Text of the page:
Background/aims:, The oral cavity harbors a diverse and complex microbial community. Bacteria accumulate on both the hard and soft oral tissues in sessile biofilms and engage the host in an intricate cellular dialog, which normally constrains the bacteria to a state of commensal harmony. Dendritic cells (DCs) are likely to balance tolerance and active immunity to commensal microorganisms as part of chronic inflammatory responses. While the role played by DCs in maintaining intestinal homeostasis has been investigated extensively, relatively little is known about DC responses to oral bacteria. Methods:, In this study, we pulsed human monocyte-derived immature DCs (iDCs) with cell wall extracts from pathogenic and commensal gram-positive or gram-negative oral bacteria. Results:, Although all bacterial extracts tested induced iDCs to mature and produce cytokines/chemokines including interleukin-12p40, tumor necrosis factor-,, and monocyte chemoattractant protein-1 (MCP-1), the most important factor for programming DCs by oral bacteria was whether they were gram-positive or gram-negative, not whether they were commensal or pathogenic. In general, gram-negative oral bacteria, except for periodontopathic Porphyromonas gingivalis, stimulated DC maturation and cytokine production at lower concentrations than gram-positive oral bacteria. The threshold of bacteria needed to stimulate chemokine production was 100-fold to 1000-fold lower than that needed to induce cytokines. In addition, very low doses of oral commensal bacteria triggered monocytes to migrate toward DC-derived MCP-1. Conclusion:, Oral commensal and pathogenic bacteria do not differ qualitatively in how they program DCs. DC-derived MCP-1 induced in response to oral commensal bacteria may play a role, at least in part, in the maintenance of oral tissue integrity by attracting monocytes. [source]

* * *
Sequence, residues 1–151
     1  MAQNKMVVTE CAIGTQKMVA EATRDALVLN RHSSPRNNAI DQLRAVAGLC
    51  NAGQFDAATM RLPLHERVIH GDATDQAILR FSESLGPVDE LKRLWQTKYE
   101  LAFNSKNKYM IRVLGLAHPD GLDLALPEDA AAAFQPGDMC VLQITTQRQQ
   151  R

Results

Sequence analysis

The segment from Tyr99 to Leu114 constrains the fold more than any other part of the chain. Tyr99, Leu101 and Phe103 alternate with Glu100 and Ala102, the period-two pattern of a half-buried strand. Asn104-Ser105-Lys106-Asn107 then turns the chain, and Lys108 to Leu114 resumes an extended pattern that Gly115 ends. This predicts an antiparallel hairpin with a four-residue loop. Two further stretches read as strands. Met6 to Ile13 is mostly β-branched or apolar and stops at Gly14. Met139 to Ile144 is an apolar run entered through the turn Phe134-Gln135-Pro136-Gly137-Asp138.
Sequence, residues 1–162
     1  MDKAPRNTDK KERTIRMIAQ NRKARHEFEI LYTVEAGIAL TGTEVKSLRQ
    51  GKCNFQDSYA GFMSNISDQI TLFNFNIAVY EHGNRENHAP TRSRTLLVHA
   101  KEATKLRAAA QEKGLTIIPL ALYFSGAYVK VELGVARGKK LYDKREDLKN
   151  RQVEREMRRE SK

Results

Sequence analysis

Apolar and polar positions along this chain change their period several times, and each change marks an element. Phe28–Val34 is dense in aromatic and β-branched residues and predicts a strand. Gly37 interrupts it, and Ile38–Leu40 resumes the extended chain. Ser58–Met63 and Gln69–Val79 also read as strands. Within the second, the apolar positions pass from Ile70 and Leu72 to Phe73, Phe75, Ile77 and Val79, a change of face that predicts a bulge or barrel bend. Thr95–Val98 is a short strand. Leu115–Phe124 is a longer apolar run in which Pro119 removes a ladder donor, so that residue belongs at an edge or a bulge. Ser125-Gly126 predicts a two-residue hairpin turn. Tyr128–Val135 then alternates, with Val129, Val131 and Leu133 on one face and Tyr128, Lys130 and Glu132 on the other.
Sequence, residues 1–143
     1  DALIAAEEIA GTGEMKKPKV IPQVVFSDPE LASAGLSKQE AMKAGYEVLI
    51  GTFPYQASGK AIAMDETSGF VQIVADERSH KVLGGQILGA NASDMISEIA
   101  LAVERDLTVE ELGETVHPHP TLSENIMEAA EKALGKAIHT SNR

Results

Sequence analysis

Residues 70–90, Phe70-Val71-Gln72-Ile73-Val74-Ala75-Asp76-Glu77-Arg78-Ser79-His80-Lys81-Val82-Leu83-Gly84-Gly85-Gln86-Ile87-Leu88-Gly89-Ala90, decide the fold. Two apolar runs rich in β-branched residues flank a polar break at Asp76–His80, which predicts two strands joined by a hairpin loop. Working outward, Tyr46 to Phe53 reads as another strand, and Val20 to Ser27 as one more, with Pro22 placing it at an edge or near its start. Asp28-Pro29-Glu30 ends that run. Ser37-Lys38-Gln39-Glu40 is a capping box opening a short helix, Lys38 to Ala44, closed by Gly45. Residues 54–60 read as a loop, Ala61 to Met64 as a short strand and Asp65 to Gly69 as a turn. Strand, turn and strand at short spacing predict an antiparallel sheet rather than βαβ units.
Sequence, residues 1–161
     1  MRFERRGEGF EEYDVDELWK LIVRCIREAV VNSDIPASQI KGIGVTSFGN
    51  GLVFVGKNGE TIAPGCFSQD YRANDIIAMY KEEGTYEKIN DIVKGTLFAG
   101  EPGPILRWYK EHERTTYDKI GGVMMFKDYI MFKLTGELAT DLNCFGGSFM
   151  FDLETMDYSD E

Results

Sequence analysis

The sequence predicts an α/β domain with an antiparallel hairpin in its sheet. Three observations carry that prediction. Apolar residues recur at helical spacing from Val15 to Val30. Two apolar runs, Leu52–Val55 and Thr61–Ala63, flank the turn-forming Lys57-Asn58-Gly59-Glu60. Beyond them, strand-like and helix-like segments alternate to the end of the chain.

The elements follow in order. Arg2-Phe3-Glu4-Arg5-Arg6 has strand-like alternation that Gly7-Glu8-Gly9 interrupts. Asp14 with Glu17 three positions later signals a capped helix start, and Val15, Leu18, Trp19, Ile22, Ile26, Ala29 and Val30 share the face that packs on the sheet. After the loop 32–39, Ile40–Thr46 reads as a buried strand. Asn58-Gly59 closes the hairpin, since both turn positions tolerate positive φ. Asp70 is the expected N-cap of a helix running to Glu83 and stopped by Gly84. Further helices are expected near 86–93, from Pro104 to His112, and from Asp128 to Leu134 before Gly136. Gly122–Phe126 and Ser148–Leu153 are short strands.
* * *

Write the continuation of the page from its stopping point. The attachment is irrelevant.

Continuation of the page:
Quantification and detection of bacteria from postoperative maxillary cyst by polymerase chain reaction

    M. Yamaura
    Background/aims:, Postoperative maxillary cyst (POMC) is known to occur as a delayed complication of radical maxillary sinus surgery, such as Caldwell-Luc surgery. The cyst gradually expands with no symptoms over a period of years, and then occasionally causes swelling and pain in the buccal region and/or the mucogingival fold. It is probable that bacterial infection affects the progression of POMC symptoms. The aims of this study were to determine the bacterial density and to examine the presence of 20 oral bacteria in POMC fluids. Methods:, POMC fluids (4 purulent, 2 mucous and 4 serous) were sampled from 10 subjects (aged 43,77 years). Bacterial quantification and detection were performed by real-time polymerase chain reaction (PCR) and nested PCR based on bacterial 16S rRNA genes, respectively. Results:, Bacterial DNA was detected in all samples and the average concentrations of bacterial DNA were 5.9 (purulent), 0.5 (mucous), and 0.7 (serous) ng/mg of sample. Twelve bacterial species, including anginosus streptococci, known to be associated with abscess formation, were detected in the purulent fluids, while two and five species were detected in the mucous and serous fluids, respectively. Conclusion:, Purulent fluids contained numerous bacteria of various types, thus suggesting that oral bacteria may cause symptoms such as pain in POMC with purulent fluids. Mucous and serous fluids also contained bacteria, although their numbers were small, thus suggesting an association between bacteria and progression of POMC. [source]

    Expression of MHC Class II, CD70, CD80, CD86 and pro-inflammatory cytokines is differentially regulated in oral epithelial cells following bacterial challenge

    D. C. Han